Lyngdorf Millennium Mk IV review

State-of-the-art PWM design charts the future of digital amplification

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Our Verdict

State-of-the-art digital amplifier successfully transcends virtually all the problems that afflict others of its type. Capable of driving virtually any loudspeaker, power is not an issue. Lack of analogue input as standard may be a drawback to some


  • Sophisticated, transparent and consistent-sounding
  • True high-end amplifier
  • At home driving virtually any loudspeaker


  • Some mild sensitivity to loudspeaker loading could impact on system matching
  • No analogue input

For a long time now the white elephant in the room has been Class D digital amplification. In many ways Class D has been seen as the natural future for driving loudspeakers, in much the same way that electricity is the obvious fuel for powering cars.

Unfortunately, the results have been almost equally ambivalent in both cases. Digital amplifiers run cooler, consume less power and consequently, are greener than traditional amplification, which have to be good things.

With most music sources starting life as digital once they hit the microphone, it makes obvious sense to preserve the music signal in digital form as long as possible to avoid degradation.

But so far, at least, digital amplification in its many and varied forms has not been a conspicuous success sonically and is generally confined to the lower shelves powering cheap integrated systems and their ilk, where simplicity and low cost are the key attractions.

Digital future

Here, perhaps, is an exception to the rule, arguably the most striking example of its kind to date. The original and, so far, one of the few truly serious high-quality digital amplifiers was the TacT Millennium, which due to structural changes within the company has been transmogrified into the virtually identical looking and functionally similar Lyngdorf Millennium, now in its fourth iteration.

Quite how to describe the Millennium IV is moot. It drives loudspeakers and has a volume control, which qualifies it as an integrated amplifier. But it won't handle analogue inputs without external assistance (described later), and in its basic form as reviewed here, it is more of a power amplifier with an on-board D/A convertor than an integrated amplifier, albeit one that has its own volume control.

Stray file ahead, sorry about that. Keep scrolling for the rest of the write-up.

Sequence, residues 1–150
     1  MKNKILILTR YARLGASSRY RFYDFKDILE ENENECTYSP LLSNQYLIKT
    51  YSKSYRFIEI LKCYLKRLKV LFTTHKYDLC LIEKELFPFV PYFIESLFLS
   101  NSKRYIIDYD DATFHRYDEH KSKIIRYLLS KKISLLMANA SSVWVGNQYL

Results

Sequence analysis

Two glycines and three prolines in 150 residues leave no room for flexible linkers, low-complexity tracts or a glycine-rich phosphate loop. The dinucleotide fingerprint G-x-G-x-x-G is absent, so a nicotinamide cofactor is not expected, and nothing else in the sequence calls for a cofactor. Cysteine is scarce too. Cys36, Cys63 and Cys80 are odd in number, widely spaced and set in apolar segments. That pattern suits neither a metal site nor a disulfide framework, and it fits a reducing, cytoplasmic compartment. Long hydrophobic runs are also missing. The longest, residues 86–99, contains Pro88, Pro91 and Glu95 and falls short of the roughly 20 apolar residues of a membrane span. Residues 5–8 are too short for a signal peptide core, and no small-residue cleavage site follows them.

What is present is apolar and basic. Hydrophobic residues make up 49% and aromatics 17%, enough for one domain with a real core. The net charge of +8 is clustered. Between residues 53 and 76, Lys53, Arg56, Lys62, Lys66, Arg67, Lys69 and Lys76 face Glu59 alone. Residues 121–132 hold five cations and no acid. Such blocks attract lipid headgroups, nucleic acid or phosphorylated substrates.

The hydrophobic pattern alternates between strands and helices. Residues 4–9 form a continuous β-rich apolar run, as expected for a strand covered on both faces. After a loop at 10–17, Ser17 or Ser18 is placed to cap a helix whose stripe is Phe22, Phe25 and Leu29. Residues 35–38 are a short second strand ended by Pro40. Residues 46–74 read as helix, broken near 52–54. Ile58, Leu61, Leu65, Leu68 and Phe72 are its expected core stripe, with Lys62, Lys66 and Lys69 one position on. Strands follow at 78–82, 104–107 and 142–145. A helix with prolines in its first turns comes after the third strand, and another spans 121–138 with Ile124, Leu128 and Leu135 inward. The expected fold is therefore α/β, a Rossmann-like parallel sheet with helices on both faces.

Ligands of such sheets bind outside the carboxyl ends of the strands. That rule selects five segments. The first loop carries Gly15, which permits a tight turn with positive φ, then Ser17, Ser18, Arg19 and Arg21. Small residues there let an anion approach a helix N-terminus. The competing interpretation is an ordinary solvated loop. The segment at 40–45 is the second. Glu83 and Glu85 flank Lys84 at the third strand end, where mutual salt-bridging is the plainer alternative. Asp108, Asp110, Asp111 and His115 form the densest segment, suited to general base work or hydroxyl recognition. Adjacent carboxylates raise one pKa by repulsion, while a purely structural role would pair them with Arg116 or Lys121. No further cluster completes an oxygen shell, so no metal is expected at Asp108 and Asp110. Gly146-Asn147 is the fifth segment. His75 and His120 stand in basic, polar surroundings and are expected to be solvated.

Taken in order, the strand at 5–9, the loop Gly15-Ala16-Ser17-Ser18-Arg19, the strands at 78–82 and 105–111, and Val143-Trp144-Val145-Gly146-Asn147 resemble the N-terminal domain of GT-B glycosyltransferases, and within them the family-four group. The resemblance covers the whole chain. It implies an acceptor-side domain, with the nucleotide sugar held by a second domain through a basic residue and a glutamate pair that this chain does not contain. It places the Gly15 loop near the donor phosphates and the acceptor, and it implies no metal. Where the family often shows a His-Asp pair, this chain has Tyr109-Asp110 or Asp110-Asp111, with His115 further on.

The Millennium has been around in one form or another since as far back as 1998 – more than a decade ago. But Lyngdorf claims it is one of the few truly digital amplifiers and there are good reasons why this is the case. Most digital amplifiers are only part digital, in some cases because they use a digital architecture for only part of the audio chain.

Lyngdorf's enabling digital technology called equibit, is digital from input through to output – in fact as standard the Millennium cannot even accept an analogue signal input and at the loudspeaker end of the chain, the signal remains digital until the very final stage.

This involves a simple 12dB/octave filter consisting of an inductor and a capacitor to roll away the very high-frequency digital noise above 60khz that would otherwise pollute the loudspeaker feed. Uniquely, the volume control does not attenuate the audio signal, which would reduce resolution.

Over most of its range, all it does is to control the voltage from the power supply output stage at anything upwards of three volts output, which corresponds to 19 on the volume dial. This simple, elegant solution means that the volume control is not in the signal path. Anything above this level and below the maximum output of 58 volts is handled with full 24-bit precision, with the system clock set at 352.8khz, high enough not to interfere with the audio.

At very low levels – where power supply attenuation is no longer possible – the resolution of the signal is reduced, but the volume level through the speakers is very low by that point, so the impact on the audio is negligible. By the same token, there is no amplification of the audio signal either, which eliminates another whole set of problems.

Solid offering

The Millennium is extremely heavy at over 30kg, with a carcass milled from aluminium, which means it is stable and non-resonant and, therefore, provides suitable screening for the high-frequency circuits inside the case and to prevent radio frequency noise pick-up. It is beautifully built, with Swiss watch-precision and superbly finished, but until it is connected to its host system under power, there is no external indication of what it is.

There are a number of sockets around the back and controls on the front panel, few of which will be familiar even to practiced amplifier-watchers. The massive volume control works through two sets of ball bearings, and can be spun freely, though the gearing of the control is very low: you may need several spins of the control to find the level you want.

In the centre of the control is a simple display window, which shows such information as the power status, volume and selected input. Sharing the front panel are digital input and analogue input selectors (the latter is not accessible with the amplifier in standard form as reviewed).